I’m currently at the St Albans diocesan clergy conference (#StAClergy14 on Twitter) and this morning we had Sam Wells talking to us about justice (he’s talking about suffering in an hour’s time or so).
It was an interesting talk. He took us through the two standard Christian definitions of justice: one is focussed upon sin, personal relationship with God and a “transactional” model; the other largely disregards the individual and focusses upon social justice and the political. (That’s a bit of a crude summary of what he was saying, but it’s not a million miles off.)
Dr Wells was suggesting another way, a Church-centred account of justice, taking inspiration from St Paul’s letter to Philemon. He suggested that the motto of the French Republic (liberté, égalité, fraternité) might be of use to us: we frequently focus upon the first and/or second, but disregard the concept of fraternity. It is this that Dr Wells identified with the Church, and with Christian love.
All this was very interesting, especially as it ties in rather well with some of my research into the World Council of Churches’ approach to social justice when I was studying with them last year. (Dr Wells did in fact use the WCC’s pet phrase “just peace” at one point, though happily didn’t dwell on it.)
I asked a question after the talk was over, suggesting that some of Christian dialogue over the word “justice” comes from the perversion of its meaning in our modern society. (This was the thesis of my research paper last year, so I was quite keen to see what my fellow clergy made of it!)
The two models of justice that Dr Wells identified early on are frequently identified with liberal and conservative theologies, but I’m not sure that’s right. I think they originate in liberal and conservative secular politics and have been read back into the Church.
We use the word “justice” in the Church: it has a long tradition of use. But its meaning in the modern world is different to the Christian tradition. The icon of justice today is Lady Justice, standing atop the Old Bailey, with a sword in one hand and scales in the other, sometimes with a blindfold.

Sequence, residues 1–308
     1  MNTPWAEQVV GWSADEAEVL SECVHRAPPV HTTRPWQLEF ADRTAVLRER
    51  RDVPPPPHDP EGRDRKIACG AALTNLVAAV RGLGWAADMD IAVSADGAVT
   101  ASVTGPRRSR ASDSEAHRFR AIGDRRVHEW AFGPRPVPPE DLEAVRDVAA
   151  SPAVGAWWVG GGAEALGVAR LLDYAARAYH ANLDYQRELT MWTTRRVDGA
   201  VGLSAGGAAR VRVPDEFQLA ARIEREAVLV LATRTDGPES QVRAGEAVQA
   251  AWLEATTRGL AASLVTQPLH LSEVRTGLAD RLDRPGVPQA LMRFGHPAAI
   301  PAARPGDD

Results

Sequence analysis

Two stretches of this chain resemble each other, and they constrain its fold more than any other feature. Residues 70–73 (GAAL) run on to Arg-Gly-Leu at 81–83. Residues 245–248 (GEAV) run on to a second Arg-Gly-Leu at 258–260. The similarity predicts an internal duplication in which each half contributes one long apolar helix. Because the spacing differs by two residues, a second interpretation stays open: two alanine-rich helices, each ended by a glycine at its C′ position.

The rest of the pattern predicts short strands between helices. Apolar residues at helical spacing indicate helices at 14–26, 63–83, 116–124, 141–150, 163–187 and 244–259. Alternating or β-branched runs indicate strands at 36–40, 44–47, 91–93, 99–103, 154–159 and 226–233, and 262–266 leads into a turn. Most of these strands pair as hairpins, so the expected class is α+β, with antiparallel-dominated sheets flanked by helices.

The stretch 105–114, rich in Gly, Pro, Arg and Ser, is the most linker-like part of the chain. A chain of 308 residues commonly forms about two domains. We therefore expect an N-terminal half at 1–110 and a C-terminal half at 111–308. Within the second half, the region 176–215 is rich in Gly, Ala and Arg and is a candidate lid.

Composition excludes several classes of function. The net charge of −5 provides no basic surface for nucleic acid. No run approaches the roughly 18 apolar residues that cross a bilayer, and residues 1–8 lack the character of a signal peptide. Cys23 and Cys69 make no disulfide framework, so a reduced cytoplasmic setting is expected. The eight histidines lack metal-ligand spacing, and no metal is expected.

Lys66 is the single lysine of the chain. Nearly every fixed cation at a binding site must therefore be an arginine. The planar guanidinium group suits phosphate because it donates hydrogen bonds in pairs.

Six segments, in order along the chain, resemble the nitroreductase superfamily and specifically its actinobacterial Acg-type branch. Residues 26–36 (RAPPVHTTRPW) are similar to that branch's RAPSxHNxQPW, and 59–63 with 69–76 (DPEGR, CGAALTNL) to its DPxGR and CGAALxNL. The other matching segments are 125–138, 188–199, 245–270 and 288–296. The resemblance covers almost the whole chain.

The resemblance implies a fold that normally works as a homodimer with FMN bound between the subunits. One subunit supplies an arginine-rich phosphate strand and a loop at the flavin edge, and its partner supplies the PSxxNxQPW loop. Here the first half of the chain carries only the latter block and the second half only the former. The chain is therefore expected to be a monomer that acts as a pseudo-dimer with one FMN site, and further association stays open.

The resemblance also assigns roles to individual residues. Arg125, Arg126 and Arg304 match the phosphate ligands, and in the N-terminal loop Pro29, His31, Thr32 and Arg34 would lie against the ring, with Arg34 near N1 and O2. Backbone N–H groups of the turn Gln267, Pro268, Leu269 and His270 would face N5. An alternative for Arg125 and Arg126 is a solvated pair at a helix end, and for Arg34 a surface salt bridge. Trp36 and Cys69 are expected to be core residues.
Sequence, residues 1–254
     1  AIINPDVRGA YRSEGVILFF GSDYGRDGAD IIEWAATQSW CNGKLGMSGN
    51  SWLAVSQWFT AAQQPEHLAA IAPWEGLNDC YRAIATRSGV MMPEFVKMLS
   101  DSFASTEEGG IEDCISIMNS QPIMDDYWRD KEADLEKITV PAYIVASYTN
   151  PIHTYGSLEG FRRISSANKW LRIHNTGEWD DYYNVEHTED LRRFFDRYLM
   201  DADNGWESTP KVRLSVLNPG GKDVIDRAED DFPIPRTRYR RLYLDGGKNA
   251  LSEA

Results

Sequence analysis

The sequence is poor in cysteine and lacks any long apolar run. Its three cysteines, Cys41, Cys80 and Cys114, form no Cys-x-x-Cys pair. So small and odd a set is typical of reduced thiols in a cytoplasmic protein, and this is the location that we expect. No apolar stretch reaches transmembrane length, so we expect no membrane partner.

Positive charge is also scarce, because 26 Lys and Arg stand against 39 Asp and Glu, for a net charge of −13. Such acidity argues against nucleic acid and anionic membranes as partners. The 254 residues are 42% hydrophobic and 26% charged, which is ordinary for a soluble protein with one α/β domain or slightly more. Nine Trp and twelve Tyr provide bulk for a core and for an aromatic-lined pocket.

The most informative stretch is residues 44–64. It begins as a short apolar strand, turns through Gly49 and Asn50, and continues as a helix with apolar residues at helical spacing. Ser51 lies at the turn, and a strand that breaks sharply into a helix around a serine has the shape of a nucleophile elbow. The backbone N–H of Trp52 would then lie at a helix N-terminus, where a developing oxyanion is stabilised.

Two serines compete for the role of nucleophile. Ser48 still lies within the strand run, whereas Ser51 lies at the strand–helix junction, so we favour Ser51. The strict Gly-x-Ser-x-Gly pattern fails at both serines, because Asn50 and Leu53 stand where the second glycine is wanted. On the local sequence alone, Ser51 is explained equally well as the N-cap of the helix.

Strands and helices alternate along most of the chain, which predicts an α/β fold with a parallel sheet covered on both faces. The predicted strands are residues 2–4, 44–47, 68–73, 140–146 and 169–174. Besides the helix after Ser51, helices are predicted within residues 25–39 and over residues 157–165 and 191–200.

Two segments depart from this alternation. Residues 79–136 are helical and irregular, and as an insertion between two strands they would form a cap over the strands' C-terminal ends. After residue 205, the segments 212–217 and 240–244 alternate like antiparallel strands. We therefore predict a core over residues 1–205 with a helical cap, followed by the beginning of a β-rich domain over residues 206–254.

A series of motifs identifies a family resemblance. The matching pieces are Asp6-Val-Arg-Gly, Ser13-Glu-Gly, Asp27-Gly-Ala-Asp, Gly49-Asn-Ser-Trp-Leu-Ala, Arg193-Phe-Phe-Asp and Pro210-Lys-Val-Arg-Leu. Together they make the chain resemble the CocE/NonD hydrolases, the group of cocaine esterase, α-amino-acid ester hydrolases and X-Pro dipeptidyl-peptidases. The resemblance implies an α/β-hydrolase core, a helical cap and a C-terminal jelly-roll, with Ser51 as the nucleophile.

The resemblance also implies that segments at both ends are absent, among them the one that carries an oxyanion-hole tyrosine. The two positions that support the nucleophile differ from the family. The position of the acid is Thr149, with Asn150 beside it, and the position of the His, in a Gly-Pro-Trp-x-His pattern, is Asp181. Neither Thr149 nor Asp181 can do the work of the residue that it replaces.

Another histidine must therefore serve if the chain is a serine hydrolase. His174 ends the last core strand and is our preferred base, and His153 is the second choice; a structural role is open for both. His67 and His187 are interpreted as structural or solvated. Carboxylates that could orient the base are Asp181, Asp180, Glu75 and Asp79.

This is not a Christian image. This has nothing at all to do with the Christian image.
The Christian idea of justice is, to my mind, summed up in Gerard Manley Hopkins’ poem As kingfishers catch fire. In this he explores how everything in heaven and on earth expresses outwardly what it is inwardly. So the sound made by a chiming bell expresses that bell’s inner being. Here’s the key line to me:
the just man justices
That is to say, the just man (the “justified person”) does justice. Justice, in a Christian sense, is precisely that which is done by the justified person.
The secular meaning of “justice” is so far from this Christian meaning that it perverts all our conversation.
But if we look to the Christian tradition, we discover we have a choice. The word we have in English as “justice” is in Latin iustitia, in Greek dikaiosyne, and in Hebrew tzedik. All of these have also been translated as “righteous”. It is an accident of the English that we have two groups of words that historically meant the same: just/justice/justify and righteous/righteousness/make righteous.
My proposal to Dr Wells (shorter than this account!) was that we should replace “justice” in our Christian conversation with “righteousness”, in order to clarify its Christian content. I think this chimes well with what he was saying about the community of justice that is the Church.
He was not unsympathetic to my point, but raised the reasonable concern that “righteousness” can seem like “sinlessness” when a Christian, especially a priest, says it. It can sound very judgemental and forbidding.
It’s not, of course, because for Christians righteousness comes not from our sinlessness but from Christ’s righteousness, proclaimed on the Cross and vindicated in the Resurrection and attributed to us by baptism and by faith.
But I do see his point.
Something to ponder.